Well, this is wildly inaccurate and a gross exaggeration, of course.

    You get fined for daring to say that. But arrested? No way! We’re still a free people you know!

    1. Try not paying the fine. Trust me, arrest is still on the menu.

  9. Somebody’s going to ask “Isn’t Ron Paul making a difference?” So I’m going to say, “Yes.” None of this is to say that right-fusionism of the Ron Paul variety isn’t now having an influence, or that none of it is good. I’m glad to see Paul spreading a few profoundly important ideas about foreign policy. But that doesn’t mean Paul’s decades of bilking paranoid bigots with bullshit prophesies of hyperinflationary race war was really a stroke of strategic genius after all. Or maybe it means it was. But that doesn’t make it right. I don’t think Paul would be where he is today without all those years of vile fear-mongering. And I don’t think anyone ought to get away with climbing up that evil ladder, kicking it away, then pretending he was born a thousand feet off the ground in the pure mountain air right there next to heaven. He knew what he was doing, chose to do it, and none of it can be justified by a little TV-time for salutary anti-imperialist and free-market ideas. I’d rather not be affiliated with a “movement” that includes him in even a conflicted way.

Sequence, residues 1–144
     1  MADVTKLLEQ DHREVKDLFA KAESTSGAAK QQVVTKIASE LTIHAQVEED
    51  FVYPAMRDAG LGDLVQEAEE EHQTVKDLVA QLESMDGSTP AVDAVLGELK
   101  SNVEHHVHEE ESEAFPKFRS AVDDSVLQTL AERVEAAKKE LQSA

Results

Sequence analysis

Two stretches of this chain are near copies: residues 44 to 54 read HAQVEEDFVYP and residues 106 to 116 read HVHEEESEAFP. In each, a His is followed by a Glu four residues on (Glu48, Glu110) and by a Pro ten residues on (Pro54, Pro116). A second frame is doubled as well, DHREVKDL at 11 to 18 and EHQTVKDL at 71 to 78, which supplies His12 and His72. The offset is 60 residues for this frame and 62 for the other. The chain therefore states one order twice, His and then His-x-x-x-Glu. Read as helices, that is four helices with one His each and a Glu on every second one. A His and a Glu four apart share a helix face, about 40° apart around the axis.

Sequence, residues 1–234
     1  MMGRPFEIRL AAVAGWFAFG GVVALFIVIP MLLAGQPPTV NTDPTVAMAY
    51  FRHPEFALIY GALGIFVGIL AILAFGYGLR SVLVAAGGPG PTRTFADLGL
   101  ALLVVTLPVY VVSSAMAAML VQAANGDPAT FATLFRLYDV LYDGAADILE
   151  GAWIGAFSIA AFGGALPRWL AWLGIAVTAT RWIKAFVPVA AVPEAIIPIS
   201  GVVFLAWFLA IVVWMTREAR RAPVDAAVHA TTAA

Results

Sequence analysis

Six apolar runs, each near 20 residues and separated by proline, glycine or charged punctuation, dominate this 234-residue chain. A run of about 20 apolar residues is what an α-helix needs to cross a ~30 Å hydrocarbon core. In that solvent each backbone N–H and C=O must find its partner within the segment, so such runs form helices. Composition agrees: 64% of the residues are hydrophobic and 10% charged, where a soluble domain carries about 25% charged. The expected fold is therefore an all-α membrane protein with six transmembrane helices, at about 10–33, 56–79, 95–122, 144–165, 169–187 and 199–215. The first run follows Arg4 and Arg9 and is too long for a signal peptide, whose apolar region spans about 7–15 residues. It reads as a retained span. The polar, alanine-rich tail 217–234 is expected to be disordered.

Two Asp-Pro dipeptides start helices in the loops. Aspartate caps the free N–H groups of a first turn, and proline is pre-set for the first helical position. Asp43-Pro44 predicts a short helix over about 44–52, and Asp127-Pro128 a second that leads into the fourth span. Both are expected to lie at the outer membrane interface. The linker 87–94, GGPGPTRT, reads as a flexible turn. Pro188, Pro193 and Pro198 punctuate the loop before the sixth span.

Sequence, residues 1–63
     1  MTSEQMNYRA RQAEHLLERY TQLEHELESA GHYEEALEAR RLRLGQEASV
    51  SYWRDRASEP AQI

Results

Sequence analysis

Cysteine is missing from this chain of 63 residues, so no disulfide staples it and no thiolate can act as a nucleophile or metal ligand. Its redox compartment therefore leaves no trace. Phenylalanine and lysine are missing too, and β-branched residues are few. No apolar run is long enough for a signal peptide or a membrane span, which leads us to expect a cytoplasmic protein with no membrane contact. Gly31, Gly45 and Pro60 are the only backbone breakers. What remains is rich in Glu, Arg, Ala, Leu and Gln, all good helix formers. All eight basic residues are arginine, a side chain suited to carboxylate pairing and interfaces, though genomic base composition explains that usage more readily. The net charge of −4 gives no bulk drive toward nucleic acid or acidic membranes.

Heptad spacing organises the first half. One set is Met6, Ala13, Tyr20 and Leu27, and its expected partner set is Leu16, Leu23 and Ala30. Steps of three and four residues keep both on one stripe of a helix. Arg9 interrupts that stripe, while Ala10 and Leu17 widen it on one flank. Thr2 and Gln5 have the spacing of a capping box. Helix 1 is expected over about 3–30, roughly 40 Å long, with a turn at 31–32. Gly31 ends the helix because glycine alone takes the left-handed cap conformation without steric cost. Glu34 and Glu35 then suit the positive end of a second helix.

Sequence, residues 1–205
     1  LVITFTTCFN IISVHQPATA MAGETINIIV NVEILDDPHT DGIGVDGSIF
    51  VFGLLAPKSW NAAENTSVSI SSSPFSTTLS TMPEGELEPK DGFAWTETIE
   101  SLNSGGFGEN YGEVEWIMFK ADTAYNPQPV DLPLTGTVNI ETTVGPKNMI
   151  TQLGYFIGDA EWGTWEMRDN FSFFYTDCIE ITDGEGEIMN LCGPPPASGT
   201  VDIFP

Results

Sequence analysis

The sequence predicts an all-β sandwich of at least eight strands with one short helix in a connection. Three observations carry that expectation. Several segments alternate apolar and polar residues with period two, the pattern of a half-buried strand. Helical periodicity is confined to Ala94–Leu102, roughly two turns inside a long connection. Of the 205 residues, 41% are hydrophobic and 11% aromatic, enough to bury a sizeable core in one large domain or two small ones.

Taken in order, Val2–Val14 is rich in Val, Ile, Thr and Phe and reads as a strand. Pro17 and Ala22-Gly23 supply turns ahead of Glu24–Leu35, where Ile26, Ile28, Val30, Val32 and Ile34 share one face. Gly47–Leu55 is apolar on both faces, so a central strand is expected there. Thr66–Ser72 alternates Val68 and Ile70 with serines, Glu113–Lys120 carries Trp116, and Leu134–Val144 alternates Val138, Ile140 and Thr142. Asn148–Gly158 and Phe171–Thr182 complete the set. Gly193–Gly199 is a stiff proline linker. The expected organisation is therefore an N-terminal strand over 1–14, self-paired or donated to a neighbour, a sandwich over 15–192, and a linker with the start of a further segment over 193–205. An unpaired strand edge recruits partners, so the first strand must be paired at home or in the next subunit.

No Googling!

    1. Fuckstain loser Brad Delimpdick?

    2. Douch.
      Decent prose. However your choice of font just makes it hard to read.

  10. GO ABERDEEN!

  11. “The disease scurvy can be cured by eating citrus fruit because you just need Vitamin C, but according to the law if you hold up an orange and say this is the cure to scurvy you can be arrested for a federal crime,” said Coad. ”

    simply not true.

    it’s only violative if it is done to market a drug product, food, etc.

    you can tell anybody you want, in any environment this stuff and it’s entirely legal.

    you can’t do it as part of the marketing/advertisement for a product, though

    also, while i think the FDA has waaaay too much power, DSHEA is actually a very libertarian piece of legislation

    we are way freer in this regards, than canada, etc. the stuff they ban is amazing. i am talking single amino acids, and all kinds of stuff that would boggle your mind. they are better on MJ etc. but they are AWFUL on dietary supplements.

    1. The Healthy Oranges Company, Inc. can be fined for selling oranges with “The Cure for Scurvy” on the package. Even though citrus fruits hold off scurvy. This is so widely known that a country which relies on citrus to cure scurvy even got its nickname from that fact (English=Limeys).

      Yet let’s focus on the interpretation of “hold up an orange” and assume it’s just a silly teenager making up stuff.

      1. They only punish you if you’re trying to make a profit off of your oranges. Well, that sure makes it better, and it sure makes that teenager paranoid, doesn’t it!

      2. Quinn has proven himself to be a fuckstick.

    2. you can’t do it as part of the marketing/advertisement for a product, though

      So, the kid is right.

      If I’m selling oranges and hold one up and say “This cures scurvy”, I’ve broken the law. Right?